• U.S. military aircraft consume about a quarter of the world’s jet fuel.
  • The U.S. Department of Defense uses more fuel per day than the country of Sweden.
  • The U.S. military uses enough fuel in one year to run the country’s entire mass-transit system for 22 years.

Ending War and Preserving the Natural Environment Can Also Make Us Fully Human

From the facts reviewed here, it’s evident to me that mankind’s only hope to effectively combat global climate change and preserve the natural environment for future generations is to end militarism and the institution of war. As we’ve seen, this is so for two primary reasons: first, that the oil burned in war and the preparation for war is a principal cause of environmental destruction; and, second, that the immense costs of making war and preparing for it greatly diminish the funds available to meet a wide range of other pressing needs—perhaps most importantly, a fast-paced transition to a green economy.

By now, we’ve become aware of the physical hazards of unmediated global warming. They include such current effects as the accelerated melting of ice sheets, permafrost and glaciers, which causes average sea levels to rise. We can also expect changing precipitation and weather patterns in different places, making some locations dryer with more intense periods of drought.

Other locations will be wetter, with stronger storms and increased flooding. Such changes will, of course, affect both the natural environment and human society, and, in the absence of significant reductions in greenhouse emissions, can be expected to become increasingly destructive.

But bad as such effects may be for the physical security of many humans, they make an equally alarming case for the gross immaturity of mankind’s moral practices. It is we humans, after all, not nature, who have failed to maintain our side of an ecological bargain. As thinking beings, our moral charge is to maintain harmony between ourselves and the wide diversity of natural resources available to us — both those on and beneath the earth. We are also charged to respect the right to a decent life of other people around the world. Yet, even as we’ve come to know better, we’ve chosen instead to continue exploiting both fossil fuels and other human beings for the selfish ends of strategic domination and ever-expanding economic power. That misbehavior has now led to the twin evils of global climate change and the increasingly inhuman forms of modern warfare. Instead of pursuing peace and harmony with different people and environments around the world, we’ve managed to create chaos—especially, in latter years, within several small nations in the Middle East.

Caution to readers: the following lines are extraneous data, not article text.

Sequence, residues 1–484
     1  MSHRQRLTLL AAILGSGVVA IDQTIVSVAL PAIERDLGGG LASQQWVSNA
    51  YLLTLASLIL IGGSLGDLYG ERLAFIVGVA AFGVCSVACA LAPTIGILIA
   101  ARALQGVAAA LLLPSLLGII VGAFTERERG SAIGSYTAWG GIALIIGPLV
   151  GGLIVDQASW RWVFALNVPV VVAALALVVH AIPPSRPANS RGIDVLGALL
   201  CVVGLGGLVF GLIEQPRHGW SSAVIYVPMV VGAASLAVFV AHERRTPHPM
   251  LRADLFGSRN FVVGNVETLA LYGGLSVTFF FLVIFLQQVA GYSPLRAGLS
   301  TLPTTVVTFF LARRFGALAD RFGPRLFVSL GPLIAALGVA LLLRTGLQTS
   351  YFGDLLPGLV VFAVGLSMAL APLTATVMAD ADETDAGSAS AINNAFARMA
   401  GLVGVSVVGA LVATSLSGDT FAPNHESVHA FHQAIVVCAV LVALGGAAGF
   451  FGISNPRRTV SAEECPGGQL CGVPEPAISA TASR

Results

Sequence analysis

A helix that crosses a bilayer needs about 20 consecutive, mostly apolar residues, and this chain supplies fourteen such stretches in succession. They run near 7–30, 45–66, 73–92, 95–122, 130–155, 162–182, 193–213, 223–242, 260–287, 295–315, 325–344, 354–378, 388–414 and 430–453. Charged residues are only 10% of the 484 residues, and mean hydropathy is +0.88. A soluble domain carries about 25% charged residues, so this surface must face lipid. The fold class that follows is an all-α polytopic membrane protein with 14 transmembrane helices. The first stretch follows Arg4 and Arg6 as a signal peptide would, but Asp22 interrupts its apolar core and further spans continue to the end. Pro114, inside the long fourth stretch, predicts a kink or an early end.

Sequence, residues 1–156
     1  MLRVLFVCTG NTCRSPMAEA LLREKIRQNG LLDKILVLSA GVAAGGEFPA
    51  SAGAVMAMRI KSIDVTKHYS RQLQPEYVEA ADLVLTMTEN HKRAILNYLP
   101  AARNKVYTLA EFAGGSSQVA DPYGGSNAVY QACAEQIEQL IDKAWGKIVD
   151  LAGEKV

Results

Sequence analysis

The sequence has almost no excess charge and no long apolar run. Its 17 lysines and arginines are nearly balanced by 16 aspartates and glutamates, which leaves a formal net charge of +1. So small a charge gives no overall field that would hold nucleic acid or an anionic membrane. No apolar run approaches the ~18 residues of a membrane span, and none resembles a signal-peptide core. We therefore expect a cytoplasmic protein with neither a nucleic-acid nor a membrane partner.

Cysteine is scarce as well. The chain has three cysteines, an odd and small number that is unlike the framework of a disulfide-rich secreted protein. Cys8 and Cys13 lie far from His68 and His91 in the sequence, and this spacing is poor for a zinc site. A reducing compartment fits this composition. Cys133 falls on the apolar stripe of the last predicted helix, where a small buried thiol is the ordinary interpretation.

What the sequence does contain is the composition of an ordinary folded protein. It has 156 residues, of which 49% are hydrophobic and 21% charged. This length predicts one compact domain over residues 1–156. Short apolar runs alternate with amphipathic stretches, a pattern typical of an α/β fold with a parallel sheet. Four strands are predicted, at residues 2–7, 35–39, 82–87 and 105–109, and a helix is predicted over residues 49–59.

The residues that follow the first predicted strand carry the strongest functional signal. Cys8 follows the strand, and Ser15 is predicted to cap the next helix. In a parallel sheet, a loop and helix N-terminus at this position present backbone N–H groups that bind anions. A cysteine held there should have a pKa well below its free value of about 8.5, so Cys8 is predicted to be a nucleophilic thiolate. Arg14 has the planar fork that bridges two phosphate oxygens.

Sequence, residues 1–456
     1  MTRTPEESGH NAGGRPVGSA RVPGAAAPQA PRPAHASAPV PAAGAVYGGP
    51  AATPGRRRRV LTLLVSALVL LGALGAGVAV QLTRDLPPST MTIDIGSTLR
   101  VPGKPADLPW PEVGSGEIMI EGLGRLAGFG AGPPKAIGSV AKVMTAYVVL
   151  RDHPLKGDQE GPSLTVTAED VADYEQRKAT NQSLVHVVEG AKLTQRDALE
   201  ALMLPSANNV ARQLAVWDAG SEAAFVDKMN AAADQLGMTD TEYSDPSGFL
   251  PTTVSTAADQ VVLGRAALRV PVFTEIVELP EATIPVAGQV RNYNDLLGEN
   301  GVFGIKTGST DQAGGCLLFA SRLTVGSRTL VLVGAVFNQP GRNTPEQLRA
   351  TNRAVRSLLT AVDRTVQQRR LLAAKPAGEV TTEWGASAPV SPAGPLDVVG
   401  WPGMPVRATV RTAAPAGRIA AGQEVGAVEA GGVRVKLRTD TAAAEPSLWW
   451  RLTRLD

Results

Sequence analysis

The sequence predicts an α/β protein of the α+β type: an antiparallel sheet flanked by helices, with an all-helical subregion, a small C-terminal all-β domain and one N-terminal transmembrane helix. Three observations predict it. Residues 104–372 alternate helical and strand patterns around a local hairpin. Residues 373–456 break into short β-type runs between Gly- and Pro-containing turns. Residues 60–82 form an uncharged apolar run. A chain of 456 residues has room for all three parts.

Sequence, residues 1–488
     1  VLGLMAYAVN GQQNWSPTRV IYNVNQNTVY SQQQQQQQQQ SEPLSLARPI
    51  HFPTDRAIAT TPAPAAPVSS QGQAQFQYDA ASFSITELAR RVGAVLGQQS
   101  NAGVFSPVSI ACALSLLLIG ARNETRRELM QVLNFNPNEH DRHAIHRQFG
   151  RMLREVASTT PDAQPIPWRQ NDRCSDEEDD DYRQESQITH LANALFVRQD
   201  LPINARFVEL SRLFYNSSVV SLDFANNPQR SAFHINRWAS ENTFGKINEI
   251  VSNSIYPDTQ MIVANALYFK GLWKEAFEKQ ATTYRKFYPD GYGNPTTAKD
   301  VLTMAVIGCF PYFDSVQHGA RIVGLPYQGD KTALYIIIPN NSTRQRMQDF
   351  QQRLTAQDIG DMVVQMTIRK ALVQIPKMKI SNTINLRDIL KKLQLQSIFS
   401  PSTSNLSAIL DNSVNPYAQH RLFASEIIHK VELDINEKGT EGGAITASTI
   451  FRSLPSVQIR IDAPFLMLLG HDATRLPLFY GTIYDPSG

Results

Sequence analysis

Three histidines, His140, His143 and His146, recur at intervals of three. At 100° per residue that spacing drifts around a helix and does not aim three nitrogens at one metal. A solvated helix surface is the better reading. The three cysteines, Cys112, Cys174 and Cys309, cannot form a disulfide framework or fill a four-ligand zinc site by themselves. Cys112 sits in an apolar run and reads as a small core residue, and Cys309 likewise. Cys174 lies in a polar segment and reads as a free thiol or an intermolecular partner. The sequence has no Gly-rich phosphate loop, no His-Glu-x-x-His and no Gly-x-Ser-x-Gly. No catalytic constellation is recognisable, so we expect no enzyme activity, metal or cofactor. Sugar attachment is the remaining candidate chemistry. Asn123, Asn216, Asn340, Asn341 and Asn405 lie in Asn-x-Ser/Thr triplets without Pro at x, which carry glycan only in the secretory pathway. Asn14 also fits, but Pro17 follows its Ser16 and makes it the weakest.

In order to change such behavior before life as we’ve known it is irreversibly compromised, the World Beyond War organization is, as we’ve seen, pursuing the goal of a legally-binding comprehensive global security system by which all international conflicts would be resolved by peaceful means. It has also proposed that specified current and future technologies, and the products derived from them, be withheld from use until judged by qualified experts to have no adverse impact on human health or that of the natural environment.

As we are beginning to appreciate from mounting evidence, it is only by the elimination of war and of further damage to the environment that the human race can survive. At the same time, we can also hope that in achieving those ends through agreement with other societies around the world, we can move forward as a species toward something even greater: the physical security and moral openness we need to experience the potential joys of easy empathy with fellow humans, oneness with nature, and creative collaboration with others to meet real human needs.

No War 2017

This coming September 22 through 24, World Beyond War will take an important step toward these ends by joining activists from both the environmental and anti-war movements for talks and workshops at a conference to be held at American University in Washington D.C. This year’s conference will focus on activism, and include activist planning workshops that address ways in which the anti-war and environmental movements can work together to address such issues as these: the environmental damage of militarism; the use of funding, now dumped into war preparation, to meet environmental needs; and the tendency of corrupt governments to use crises created by climate chaos to justify going to war. Information on conference speakers and scheduling can be obtained by contacting World Beyond War.org.

General information on the World Beyond War organization can be obtained at its website.

Bob Anschuetz is a retired college English teacher and industrial writer who remains actively committed to the progressive political values of economic fairness, social justice, and global community. In retirement, he has continued his work as a writer and manuscript copy editor, and also furthered a lifelong love of learning as a student of political science and philosophy, as a volunteer discussion-group leader on a variety of topics, and as a literacy tutor. Read other articles by Bob.